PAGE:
Seville oranges didn’t actually originate from Seville, Spain. They were brought by the Moors during the 900’s A.D., having spread westward after being introduced to the Roman Empire by India in the first century.
Legends hint that Hercules, stole the first oranges, named Golden Apples, from the Gardens of the Hesperides. It is an interesting connection as he is also considered one of the founders of Seville.
Norange was the original English name for what we today call orange. It came to us via the Spanish word “naranja” which itself is sourced from an Indian word, “naranyan”, which translates as “inner fragrance”.
The city of Seville, today grows over 30,000 orange trees that bring shade and decoration to the city. Because Seville oranges are bitter, people do not pick them and the trees stay looking beautiful until harvested.
Most bitter oranges are shipped to England for jam making, where the Spanish word for jam – “mermelada” was also imported.
Shop around for the best oranges you can find. The better the oranges, the better the marmalade.
3 pounds of Seville oranges
2 lemons (optional)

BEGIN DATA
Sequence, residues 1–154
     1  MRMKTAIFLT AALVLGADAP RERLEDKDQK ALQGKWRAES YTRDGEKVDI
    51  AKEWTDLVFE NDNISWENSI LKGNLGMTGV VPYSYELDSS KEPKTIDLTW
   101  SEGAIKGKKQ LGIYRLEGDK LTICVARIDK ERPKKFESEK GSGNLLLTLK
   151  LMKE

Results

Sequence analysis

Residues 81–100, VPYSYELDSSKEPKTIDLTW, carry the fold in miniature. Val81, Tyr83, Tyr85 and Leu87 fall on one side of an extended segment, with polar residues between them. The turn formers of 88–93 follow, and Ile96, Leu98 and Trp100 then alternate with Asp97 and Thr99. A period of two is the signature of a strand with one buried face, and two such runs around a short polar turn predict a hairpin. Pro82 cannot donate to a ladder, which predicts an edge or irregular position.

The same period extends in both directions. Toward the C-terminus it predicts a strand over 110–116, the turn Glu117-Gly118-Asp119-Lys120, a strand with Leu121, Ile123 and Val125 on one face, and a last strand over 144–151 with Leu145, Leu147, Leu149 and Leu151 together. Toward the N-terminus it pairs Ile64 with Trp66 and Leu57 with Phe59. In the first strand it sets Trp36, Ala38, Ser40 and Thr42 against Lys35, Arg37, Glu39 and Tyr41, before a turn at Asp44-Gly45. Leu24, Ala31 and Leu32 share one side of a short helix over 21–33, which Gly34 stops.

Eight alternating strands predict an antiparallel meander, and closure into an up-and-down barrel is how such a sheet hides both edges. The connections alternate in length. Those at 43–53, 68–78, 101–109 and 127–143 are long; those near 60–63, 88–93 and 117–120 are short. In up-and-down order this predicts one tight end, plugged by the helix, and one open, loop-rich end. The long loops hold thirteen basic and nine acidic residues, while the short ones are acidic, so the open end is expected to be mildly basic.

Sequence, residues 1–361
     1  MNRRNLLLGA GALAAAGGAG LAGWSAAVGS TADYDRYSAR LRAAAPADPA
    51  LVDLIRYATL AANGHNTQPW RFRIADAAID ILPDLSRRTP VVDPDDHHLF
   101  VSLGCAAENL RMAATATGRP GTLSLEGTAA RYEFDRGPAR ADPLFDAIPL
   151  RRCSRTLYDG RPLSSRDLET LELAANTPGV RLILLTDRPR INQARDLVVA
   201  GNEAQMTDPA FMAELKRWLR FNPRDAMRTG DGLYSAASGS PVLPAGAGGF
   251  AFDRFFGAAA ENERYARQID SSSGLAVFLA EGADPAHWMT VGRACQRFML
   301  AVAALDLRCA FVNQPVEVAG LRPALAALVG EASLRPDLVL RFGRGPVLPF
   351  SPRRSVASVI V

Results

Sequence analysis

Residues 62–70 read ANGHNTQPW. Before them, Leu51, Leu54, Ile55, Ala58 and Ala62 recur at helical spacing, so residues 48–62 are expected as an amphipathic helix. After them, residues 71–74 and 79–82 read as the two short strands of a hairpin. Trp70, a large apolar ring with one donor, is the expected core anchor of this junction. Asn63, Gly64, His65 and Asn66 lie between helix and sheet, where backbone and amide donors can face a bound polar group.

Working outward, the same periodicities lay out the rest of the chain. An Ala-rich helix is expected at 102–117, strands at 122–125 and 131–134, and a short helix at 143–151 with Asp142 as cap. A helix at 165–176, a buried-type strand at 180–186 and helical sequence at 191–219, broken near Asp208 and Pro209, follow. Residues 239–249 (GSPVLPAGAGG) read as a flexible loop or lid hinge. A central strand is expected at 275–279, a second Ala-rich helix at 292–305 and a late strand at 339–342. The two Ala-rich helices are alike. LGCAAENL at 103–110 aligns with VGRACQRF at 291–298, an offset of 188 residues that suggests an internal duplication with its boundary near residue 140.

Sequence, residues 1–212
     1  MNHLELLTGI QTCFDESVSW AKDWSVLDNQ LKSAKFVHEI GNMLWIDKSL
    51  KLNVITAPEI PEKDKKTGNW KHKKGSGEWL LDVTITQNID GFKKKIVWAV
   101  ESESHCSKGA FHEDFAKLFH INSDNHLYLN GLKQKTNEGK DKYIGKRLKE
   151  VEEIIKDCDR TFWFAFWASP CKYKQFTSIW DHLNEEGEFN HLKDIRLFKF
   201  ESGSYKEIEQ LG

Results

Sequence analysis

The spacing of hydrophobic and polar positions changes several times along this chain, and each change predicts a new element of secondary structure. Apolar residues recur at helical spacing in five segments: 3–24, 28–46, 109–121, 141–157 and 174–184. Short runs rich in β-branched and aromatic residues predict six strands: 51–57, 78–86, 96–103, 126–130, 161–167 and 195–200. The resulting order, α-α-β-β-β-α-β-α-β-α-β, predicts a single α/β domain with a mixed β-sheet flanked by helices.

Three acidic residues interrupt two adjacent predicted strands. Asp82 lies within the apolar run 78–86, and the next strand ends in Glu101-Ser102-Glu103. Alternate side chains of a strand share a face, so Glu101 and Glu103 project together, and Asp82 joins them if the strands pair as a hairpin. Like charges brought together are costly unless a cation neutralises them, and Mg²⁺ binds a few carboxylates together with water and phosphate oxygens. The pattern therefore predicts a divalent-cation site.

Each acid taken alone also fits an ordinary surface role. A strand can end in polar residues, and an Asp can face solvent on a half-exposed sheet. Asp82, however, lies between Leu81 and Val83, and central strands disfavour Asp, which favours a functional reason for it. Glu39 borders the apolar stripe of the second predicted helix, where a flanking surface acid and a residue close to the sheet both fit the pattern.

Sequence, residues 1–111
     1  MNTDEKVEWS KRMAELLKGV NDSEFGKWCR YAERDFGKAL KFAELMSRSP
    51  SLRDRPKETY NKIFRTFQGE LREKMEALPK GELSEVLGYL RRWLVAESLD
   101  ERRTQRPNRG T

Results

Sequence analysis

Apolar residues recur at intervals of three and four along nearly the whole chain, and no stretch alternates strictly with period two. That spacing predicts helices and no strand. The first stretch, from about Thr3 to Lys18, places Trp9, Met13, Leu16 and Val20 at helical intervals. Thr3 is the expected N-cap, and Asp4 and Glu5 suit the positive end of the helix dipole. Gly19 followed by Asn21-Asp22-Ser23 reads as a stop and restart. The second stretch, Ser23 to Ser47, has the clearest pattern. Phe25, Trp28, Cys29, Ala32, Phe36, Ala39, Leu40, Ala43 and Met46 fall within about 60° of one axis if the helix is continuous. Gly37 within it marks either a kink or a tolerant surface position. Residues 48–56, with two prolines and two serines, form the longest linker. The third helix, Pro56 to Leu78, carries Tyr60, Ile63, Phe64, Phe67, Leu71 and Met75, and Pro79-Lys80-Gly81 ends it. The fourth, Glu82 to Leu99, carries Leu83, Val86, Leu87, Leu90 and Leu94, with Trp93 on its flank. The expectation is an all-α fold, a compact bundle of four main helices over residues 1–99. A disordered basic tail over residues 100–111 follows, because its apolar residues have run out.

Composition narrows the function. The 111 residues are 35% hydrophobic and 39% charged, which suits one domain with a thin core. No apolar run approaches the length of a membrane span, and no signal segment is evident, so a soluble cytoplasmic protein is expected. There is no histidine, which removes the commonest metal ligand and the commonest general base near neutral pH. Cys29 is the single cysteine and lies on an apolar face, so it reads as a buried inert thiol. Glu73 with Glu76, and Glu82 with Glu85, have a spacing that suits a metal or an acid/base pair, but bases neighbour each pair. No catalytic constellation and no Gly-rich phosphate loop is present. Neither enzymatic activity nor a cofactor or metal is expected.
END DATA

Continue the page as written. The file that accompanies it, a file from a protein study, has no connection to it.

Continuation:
15 cups water
12 cups sugar
Marmalade takes time so start with an openness for the process. If you are looking for something a little quicker from start to finish try this Meyer Lemon recipe. Sarah Randell, food director at Sainsbury’s Magazine writes,” Always make marmalade when you’re in the mood. Don’t rush the process and enjoy the ritual.” To start the ritual, gather your ingredients and bring your focus into the present moment. Release any nigglies while washing the oranges and invite the compassionate spirits for each step of the way.
Everyone has a favourite. If smaller pieces are the preference wash and grate oranges to your desired size before juicing. If a small dice, as at the bottom of the picture or a slice such as in the middle is the preference then juice first and cut the peel afterwards. The larger the rind pieces, the longer they will need to cook to soften.
Whichever choice gets made ensure a scrub of the oranges and a few rolls back and forth before cutting. With the oranges at room temperature and several rolls, more juice will be released from the sections and getting as much as possible out of the oranges is good.
When grating there is no need to remove any extra pith (the white stuff between the orange skin and the fruit section inside.) If slicing and dicing, it is however an option if there seems to be too much pith for your preference. It is just about what you prefer, nothing else. I went with grating for this batch of marmalade as it is being made for someone who experiences challenges chewing.